Writer

Signer of the Declaration of Independence, diplomat, second President; 1735—1826.
Political philosopher, Boston revolutionary leader, signer of the Declaration of Independence, Massachusetts governor; 1722—1803.
Anglo-Irish statesman, orator, author, and political philosopher; 1729—97.
French general, liaison between Rochambeau and Washington; 1734—88.
Lawyer, politician, writer, militia officer, signer of the Declaration of Independence; 1732—1808.
Philadelphia printer, writer, scientist, inventor, signer of the Declaration of Independence, diplomat to France; 1706—90.
Last Royal Governor of Massachusetts; 1711—80.
Lawyer, architect, drafter of the Declaration of Independence, Virginia governor, diplomat, third President, founder of the University of Virginia; 1743—1826.
Lawyer, politician, Boston revolutionary; 1725—83.
Author, revolutionary, political philosopher; 1737—1809.

Virtually all modern accounts of the Revolution begin in 1763 with the Peace of Paris, the great treaty that concluded the Seven Years’ War. Opening the story there, however, makes the imperial events and conflicts that followed the war — the controversy over the Sugar Act and the Stamp Act crisis — into precursors of the Revolution. No matter how strenuous their other disagreements, most modern historians have looked at the years after 1763 not as contemporary Americans and Britons saw them — as a postwar era vexed by the unanticipated problems in relations between the colonies and metropolis — but as what we in retrospect know those years to have been, a pre-Revolutionary period. By sneaking glances, in effect, at what was coming next, historians robbed their accounts of contingency and suggested, less by design than by inadvertence, that the independence and nationhood of the United States were somehow inevitable.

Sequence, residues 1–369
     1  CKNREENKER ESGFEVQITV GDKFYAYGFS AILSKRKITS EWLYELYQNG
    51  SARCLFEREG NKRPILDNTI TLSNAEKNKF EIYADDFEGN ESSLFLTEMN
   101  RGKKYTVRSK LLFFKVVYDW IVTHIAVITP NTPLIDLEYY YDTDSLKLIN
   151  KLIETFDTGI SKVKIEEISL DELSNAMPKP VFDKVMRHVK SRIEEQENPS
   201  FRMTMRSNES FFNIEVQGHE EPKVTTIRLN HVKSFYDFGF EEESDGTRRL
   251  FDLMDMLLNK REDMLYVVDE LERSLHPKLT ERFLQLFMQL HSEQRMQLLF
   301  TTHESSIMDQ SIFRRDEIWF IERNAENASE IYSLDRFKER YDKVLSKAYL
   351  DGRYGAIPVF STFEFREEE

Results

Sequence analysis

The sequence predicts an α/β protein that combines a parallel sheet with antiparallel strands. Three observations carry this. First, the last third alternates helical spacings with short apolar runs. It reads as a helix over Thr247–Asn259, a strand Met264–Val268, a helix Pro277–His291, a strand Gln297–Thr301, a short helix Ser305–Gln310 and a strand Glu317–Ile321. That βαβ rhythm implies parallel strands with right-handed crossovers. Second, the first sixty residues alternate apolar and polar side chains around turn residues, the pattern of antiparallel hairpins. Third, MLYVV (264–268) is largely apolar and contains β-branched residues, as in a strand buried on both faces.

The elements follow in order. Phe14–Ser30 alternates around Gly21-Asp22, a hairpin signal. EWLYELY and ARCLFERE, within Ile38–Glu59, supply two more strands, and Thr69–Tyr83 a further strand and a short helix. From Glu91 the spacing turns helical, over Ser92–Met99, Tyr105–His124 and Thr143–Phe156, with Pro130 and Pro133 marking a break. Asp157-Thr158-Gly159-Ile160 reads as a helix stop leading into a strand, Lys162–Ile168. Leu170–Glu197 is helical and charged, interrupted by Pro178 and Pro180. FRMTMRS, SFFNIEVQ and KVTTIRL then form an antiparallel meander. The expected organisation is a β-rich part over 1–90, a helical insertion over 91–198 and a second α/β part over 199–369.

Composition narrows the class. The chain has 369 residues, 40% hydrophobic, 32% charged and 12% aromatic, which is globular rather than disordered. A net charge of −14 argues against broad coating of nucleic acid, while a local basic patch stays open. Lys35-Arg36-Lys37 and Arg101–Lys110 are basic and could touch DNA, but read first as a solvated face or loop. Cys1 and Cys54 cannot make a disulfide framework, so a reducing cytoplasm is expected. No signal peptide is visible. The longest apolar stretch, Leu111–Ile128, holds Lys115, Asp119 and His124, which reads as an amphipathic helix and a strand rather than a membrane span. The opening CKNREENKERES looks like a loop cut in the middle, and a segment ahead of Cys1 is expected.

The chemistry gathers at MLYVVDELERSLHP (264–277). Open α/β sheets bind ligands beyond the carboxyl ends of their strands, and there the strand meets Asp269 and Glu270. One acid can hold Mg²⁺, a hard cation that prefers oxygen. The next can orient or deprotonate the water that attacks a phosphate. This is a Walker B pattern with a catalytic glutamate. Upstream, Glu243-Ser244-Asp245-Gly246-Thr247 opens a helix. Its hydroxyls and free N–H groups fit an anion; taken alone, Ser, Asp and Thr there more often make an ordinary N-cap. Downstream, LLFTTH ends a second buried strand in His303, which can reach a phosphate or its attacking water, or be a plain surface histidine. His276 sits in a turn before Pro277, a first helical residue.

Fred Anderson
Crucible of War: The Seven Years’ War and the Fate of Empire in British North America, 1754 - 1766 (2000)